Paul Mayhew-Archer

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Paul Mayhew-Archer
Born (1953-01-06) 6 January 1953 (age 68)
EducationEastbourne College
Alma materSt Catharine's College, Cambridge
OccupationWriter, television and radio producer, script editor
Years active1987–present
Known forThe Vicar of Dibley
My Hero
Office Gossip
Old Harry's Game
Roald Dahl's Esio Trot

Paul Mayhew-Archer MBE (born 6 January 1953[1]) is a British writer, producer, script editor and actor for the BBC. He is best known as the co-writer of The Vicar of Dibley and Esio Trot alongside Richard Curtis. His solo writing career includes My Hero and Office Gossip, which he created. He was the script editor for Old Harry's Game (which he also produces), Two Pints of Lager and a Packet of Crisps, Grownups, Home Again, Coming of Age and Big Top.

Mayhew-Archer is also an amateur actor who has appeared in Drop the Dead Donkey and Mrs. Brown's Boys.

In October 2020,[2] he was awarded an MBE for services to people with Parkinson’s disease and cancer.


Before becoming a script writer for the BBC,[3] Mayhew-Archer worked in radio as a producer of comedy programmes including I'm Sorry I Haven't a Clue, and before that as an English teacher.

His most notable works are The Vicar of Dibley (main co-writer with Richard Curtis, the series' creator) and My Hero (main co-writer with creator Paul Mendelson), although he has also script-edited Old Harry's Game (which he also produces), Two Pints of Lager and a Packet of Crisps, Grownups, Home Again, Coming of Age and Big Top,[4] as well as for the first series of Miranda.[5] Episodes of Two Pints of Lager and a Packet of Crisps contain scenes set in fictional pubs called The Mayhew (first series only) and The Archer, both named after him. He co-wrote Roald Dahl's Esio Trot for BBC One. For radio he also wrote An Actor's Life for Me, a short-lived comedy series starring John Gordon Sinclair, playing the part of a struggling young actor.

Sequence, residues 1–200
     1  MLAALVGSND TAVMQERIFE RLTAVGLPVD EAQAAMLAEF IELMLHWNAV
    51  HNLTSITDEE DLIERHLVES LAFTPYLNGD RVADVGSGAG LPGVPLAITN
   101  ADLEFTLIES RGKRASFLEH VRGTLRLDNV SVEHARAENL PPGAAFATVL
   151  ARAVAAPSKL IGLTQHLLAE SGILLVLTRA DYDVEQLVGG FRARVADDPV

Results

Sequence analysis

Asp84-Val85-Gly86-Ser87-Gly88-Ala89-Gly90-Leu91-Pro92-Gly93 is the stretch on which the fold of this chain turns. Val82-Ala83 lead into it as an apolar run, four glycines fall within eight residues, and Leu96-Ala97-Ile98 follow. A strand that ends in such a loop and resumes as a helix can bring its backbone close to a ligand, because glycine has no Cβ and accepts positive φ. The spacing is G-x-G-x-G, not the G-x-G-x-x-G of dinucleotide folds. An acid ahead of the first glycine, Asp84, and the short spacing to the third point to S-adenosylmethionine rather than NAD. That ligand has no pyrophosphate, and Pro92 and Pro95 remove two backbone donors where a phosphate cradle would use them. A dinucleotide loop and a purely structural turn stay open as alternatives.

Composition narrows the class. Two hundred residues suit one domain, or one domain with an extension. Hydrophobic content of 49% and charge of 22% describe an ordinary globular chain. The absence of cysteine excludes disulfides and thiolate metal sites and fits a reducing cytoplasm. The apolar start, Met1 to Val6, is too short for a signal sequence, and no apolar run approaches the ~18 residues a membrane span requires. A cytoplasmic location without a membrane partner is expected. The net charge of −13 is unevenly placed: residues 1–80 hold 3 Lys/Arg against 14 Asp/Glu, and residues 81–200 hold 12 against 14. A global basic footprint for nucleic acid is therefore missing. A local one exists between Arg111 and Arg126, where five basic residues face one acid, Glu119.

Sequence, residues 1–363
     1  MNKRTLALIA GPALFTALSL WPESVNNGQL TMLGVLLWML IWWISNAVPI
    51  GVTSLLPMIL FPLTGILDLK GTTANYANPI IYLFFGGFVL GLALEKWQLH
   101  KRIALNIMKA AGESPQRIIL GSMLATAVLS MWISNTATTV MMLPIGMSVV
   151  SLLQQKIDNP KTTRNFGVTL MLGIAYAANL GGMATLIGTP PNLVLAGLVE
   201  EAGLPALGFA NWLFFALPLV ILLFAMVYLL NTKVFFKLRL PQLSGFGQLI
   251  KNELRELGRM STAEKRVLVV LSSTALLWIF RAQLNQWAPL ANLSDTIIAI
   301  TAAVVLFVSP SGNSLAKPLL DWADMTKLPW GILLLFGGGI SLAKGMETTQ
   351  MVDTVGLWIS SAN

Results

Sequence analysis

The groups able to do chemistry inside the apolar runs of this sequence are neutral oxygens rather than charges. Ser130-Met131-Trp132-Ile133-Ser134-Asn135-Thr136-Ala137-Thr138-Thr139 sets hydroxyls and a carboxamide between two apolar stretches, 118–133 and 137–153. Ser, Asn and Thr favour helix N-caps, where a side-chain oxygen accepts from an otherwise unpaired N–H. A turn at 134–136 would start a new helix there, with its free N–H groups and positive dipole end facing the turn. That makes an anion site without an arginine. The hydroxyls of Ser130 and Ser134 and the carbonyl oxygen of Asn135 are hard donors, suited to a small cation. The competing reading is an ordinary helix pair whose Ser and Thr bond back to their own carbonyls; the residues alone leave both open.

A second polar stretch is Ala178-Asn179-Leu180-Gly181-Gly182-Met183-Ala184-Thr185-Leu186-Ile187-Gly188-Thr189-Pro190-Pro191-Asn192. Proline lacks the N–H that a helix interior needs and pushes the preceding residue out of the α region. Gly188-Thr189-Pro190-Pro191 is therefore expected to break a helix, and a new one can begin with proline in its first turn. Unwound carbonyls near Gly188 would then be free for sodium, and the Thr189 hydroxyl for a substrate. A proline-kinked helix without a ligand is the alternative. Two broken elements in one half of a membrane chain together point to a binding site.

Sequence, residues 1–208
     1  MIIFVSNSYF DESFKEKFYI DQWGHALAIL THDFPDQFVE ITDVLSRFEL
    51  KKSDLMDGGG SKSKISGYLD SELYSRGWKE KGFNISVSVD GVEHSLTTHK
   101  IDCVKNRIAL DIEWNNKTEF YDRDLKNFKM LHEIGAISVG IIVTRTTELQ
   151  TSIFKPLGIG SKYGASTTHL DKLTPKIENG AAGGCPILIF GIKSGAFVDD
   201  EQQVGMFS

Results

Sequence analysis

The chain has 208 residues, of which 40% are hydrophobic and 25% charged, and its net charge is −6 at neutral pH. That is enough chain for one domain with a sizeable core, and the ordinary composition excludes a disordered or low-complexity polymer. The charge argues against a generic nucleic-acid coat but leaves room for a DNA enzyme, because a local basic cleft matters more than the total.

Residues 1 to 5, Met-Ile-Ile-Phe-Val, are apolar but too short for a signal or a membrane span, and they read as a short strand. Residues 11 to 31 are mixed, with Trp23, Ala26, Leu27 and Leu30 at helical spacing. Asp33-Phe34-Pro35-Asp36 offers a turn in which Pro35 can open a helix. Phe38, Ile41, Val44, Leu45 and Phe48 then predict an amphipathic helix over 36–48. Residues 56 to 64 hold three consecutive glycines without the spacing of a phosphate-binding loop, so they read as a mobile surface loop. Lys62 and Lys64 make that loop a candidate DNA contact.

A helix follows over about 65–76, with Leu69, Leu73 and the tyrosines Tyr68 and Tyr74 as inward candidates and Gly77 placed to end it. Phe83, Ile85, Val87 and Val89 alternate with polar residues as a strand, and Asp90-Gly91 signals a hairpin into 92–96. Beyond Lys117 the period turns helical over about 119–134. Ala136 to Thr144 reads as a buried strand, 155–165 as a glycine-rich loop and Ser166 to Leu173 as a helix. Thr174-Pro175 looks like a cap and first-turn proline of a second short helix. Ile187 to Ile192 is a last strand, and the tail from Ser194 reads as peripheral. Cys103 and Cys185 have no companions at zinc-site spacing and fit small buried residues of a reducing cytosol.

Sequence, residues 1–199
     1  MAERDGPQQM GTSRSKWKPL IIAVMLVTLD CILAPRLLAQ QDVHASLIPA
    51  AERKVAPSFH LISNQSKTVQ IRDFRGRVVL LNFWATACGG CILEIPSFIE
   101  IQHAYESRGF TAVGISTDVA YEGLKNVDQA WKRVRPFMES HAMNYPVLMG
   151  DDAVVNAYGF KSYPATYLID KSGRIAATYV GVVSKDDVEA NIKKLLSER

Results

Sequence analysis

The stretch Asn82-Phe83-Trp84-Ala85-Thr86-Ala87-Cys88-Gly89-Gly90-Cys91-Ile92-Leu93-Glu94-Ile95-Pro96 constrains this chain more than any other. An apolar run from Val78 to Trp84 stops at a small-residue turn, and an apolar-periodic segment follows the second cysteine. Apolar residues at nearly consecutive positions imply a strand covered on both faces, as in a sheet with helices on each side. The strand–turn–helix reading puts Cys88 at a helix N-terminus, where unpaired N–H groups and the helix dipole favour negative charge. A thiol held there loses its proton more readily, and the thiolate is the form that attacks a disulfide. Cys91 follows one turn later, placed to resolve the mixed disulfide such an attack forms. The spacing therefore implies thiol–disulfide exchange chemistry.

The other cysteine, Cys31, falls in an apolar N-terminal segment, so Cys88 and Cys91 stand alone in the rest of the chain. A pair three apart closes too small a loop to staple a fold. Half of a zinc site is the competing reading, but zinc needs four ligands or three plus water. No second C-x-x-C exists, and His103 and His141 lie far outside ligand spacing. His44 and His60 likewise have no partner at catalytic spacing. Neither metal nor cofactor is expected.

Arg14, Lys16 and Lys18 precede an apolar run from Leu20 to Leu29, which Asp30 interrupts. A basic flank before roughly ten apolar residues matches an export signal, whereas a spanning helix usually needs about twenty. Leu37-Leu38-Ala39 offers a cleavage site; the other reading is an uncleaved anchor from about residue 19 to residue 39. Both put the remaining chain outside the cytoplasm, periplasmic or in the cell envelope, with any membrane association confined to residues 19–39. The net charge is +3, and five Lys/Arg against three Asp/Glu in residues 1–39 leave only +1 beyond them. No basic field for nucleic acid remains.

In addition, Mayhew-Archer appeared on screen in an episode of Drop the Dead Donkey (1996) and as a Life Insurance Officer in the first episode of the second series of Mrs. Brown's Boys.

Mayhew-Archer performed stand-up comedy at the 2018 Edinburgh Fringe Festival.[6]

Personal life[edit]

Mayhew-Archer was born on 6 January 1953;[1] he attended Eastbourne College and went on to study English at St Catharine's College, Cambridge. He spent his spare time at school writing plays. While at Cambridge, he was a scriptwriter and performer with Andy Hamilton in the Cambridge University Light Entertainment Society.[citation needed] He lives in Abingdon, Oxfordshire with his wife Julie. In 2011, he was diagnosed with Parkinson's disease.


  1. ^ a b Find The Company: Paul Mayhew Archer Archived 2 January 2015 at Linked 2015-01-02
  2. ^ Oxford Mail 10.10.2020
  3. ^ "Paul Mayhew-Archer on Sitcoms". BBC. Retrieved 3 January 2012.
  4. ^ Paul Mayhew-Archer Interview, Best British TV.
  5. ^ "Miranda: Production Details," British Comedy Guide.
  6. ^

External links[edit]